Meet the publisher: Nicola Robinson at the Indigenous Literacy Foundation

Meet the publisher: Nicola Robinson at the Indigenous Literacy Foundation

20 March, 2024

After a ‘varied career in educational and trade—both kids and adult—publishing’ Nicola Robinson is ‘now lucky enough to head up the publishing team at the Indigenous Literacy Foundation’ (ILF), which publishes community-developed children’s books for First Nations readers. 

When did you start in your current role at ILF? What appealed to you about it?

Back in 2022, I was comfortably commissioning books at HarperCollins and hadn’t thought of moving until the ILF role was advertised. Seeing that ad changed everything. I had commissioned and helped develop an Indigenous literacy series with all-Indigenous authors (Yarning Strong, OUP) more than a decade before, so I knew the terrain was sometimes demanding but so very worthwhile. There are challenges every day—I have to de-centre my mainstream publishing assumptions again and again—but it is enormously rewarding and I’m glad I stepped out of my comfort zone.

Can you tell us about the ILF publishing program and how it has evolved? What makes its way of publishing different to other publishing approaches?

Community-led is the key term. We exist to create the books remote Communities tell us they want, not to hit budgets or chase big sales numbers (of course, if those things happen, it’s a plus!). We receive applications from Communities who would like to work with us, and we work side by side with them to create books in the language and format of their choice, and at their pace, stepping back when appropriate (for example for Sorry Business, or—all too frequently in recent years—when a Community is scattered by natural disaster). Most of the books are picture books, with the goal of passing story and language on to new generations, but we are seeing a shift to projects creating books for and about teenagers.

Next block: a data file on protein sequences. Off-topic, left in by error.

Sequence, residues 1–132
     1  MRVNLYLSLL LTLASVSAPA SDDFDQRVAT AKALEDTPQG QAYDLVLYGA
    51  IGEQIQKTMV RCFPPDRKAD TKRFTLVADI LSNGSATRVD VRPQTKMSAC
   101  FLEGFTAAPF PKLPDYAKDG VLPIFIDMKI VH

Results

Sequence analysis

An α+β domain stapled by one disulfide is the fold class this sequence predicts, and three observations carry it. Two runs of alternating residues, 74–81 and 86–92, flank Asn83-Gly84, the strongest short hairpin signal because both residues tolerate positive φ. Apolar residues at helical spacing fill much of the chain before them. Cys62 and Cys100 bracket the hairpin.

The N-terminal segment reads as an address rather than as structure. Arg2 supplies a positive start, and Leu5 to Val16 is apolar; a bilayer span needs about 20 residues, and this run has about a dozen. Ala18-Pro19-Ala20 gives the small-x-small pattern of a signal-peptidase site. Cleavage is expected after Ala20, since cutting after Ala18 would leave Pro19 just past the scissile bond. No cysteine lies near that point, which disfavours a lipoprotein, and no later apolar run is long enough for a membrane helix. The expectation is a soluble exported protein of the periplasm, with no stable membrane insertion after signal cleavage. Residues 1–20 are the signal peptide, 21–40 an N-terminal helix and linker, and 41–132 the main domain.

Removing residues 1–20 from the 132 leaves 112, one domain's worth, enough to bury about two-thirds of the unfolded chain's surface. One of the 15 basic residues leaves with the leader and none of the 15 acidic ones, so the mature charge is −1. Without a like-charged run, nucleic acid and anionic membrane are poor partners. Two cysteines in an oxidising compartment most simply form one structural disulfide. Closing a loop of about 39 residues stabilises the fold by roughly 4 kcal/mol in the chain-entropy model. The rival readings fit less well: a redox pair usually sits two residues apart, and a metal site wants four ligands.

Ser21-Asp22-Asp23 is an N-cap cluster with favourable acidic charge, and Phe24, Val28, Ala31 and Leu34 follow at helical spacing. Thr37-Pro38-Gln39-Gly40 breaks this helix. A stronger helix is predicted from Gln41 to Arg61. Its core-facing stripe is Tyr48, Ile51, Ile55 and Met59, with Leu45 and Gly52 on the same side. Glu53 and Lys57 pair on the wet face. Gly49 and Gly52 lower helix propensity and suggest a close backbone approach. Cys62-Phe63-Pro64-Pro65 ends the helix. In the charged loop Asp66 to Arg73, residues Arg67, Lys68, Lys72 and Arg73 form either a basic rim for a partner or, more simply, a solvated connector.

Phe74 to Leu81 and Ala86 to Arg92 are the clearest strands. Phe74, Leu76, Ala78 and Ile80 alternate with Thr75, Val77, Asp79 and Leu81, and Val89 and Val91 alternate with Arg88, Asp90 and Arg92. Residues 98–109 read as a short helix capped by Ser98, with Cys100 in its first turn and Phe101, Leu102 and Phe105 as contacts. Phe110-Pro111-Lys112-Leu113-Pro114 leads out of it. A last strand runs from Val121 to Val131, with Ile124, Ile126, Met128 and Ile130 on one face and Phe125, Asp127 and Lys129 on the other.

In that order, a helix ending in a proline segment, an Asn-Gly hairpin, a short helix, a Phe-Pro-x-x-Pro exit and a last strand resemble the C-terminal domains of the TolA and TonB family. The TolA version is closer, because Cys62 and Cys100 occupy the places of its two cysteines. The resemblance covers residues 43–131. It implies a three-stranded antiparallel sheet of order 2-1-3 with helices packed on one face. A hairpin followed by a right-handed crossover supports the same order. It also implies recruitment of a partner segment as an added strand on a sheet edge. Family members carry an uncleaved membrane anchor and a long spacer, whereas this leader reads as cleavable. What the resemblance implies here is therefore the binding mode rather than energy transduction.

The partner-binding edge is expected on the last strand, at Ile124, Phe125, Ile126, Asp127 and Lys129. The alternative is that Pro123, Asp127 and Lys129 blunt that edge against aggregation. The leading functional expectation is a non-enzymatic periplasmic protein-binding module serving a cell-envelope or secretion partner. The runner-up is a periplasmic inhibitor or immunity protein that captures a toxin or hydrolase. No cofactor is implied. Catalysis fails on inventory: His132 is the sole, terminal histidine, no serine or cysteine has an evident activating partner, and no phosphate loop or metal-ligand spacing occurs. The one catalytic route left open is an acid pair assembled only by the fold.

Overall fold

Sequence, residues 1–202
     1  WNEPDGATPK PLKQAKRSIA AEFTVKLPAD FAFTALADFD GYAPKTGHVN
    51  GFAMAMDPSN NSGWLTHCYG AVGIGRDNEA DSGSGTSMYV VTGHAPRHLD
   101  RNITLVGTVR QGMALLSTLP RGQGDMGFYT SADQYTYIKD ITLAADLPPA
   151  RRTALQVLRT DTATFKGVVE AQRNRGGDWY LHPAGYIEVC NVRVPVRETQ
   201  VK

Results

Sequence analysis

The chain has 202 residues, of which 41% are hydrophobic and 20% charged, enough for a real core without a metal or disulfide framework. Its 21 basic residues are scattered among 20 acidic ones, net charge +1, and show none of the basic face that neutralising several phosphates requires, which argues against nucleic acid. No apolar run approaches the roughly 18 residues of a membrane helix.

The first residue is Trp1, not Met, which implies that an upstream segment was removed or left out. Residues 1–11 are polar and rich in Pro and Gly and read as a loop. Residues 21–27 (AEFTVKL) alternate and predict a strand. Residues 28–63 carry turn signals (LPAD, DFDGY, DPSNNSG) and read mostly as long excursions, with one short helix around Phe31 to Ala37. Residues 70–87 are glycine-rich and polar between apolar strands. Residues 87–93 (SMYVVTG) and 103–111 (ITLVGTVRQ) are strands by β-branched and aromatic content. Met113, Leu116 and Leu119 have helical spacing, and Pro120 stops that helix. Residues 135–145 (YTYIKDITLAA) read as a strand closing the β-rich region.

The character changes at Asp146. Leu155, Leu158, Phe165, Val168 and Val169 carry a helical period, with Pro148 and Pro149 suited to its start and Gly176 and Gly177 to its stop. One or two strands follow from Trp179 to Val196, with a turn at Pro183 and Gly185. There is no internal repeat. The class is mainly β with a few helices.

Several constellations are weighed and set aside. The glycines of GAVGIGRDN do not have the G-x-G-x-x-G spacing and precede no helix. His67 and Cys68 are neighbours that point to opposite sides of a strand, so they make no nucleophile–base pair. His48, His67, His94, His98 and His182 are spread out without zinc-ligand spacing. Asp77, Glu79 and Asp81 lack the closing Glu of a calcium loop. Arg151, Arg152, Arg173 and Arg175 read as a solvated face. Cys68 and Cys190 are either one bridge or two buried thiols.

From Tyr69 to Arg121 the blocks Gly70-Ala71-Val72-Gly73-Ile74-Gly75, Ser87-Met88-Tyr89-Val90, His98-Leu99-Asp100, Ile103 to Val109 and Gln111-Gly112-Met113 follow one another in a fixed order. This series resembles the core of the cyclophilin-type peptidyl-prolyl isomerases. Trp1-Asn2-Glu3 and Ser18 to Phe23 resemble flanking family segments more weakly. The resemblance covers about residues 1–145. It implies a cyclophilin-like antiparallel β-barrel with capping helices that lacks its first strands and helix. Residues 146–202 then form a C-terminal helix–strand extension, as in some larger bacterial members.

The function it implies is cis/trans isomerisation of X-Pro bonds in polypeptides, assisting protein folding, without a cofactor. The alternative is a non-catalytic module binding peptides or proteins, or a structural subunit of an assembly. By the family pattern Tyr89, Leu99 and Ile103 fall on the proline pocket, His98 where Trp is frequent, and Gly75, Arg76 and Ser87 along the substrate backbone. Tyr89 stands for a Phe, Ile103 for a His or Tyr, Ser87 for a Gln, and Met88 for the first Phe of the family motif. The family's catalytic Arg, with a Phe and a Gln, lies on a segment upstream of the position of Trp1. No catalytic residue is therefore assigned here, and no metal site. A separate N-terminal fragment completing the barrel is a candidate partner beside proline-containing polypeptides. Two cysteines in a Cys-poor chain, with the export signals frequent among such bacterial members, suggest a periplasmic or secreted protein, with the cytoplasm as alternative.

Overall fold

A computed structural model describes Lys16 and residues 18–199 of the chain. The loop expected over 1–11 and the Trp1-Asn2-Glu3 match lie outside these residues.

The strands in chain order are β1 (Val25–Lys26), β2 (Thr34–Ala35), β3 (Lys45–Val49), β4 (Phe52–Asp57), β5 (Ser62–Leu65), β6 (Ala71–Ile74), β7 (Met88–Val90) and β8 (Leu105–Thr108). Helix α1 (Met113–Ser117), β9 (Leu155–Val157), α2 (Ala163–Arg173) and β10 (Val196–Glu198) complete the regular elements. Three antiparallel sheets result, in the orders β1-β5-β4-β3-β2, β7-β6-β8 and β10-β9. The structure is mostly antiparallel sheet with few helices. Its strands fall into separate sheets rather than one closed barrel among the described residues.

How many books and authors has ILF published so far?

At the end of 2023, the tally was 126 books, including 36 languages. Counting authors is much more difficult, as many books are Community projects, with (for example) Elders, parents, teachers and school children all involved.

Is this your first time attending an international book fair? Any particular publishers that you are hoping to connect with at the fair?

Yes, this is my first international book fair, although I managed foreign rights for picture books in a previous position. I’m not aware of any other Community-led publishers, but I’m meeting with several smaller North American publishers that focus on First Nations books and am curious to see what we can learn from each other.

Can you highlight a few favourites from the ILF books on offer at the fair and what you love about them?

We have such a range of books. Country Tells Us When… is an absolute show-stopper. The overseas publishers and agents that I’ve already chatted with have been struck by its beauty and the notion that not everywhere in the world has four seasons. That’s a simple idea with huge ramifications. Winthali (Fire) is an exquisitely told traditional Dreaming story, which I think people expect from the ILF, but then we have rollicking stories of day-to-day life in remote Communities, like our books about Moli the pig, and fun-filled imaginary stories like our bestseller, No Way Yirrikipayi!

Do you have any favourite non-ILF published First Nations authors or books that you would highlight to international readers?

So many! I’ve just finished Lystra Rose’s YA fantasy The Upwelling (Hachette). I’m not usually a fantasy reader, but the clever plotting and compelling characters drew me right in. When it comes to picture books, I’d give my eye teeth to have worked on Tangki Tjuta (Donkeys) by the Tjanpi Desert Weavers (Allen & Unwin) or Albert Namatjira by Vincent Namatjira (Magabala). These books are works of art that must make their publishers very proud.

Originally published by Books and Publishing (Read More)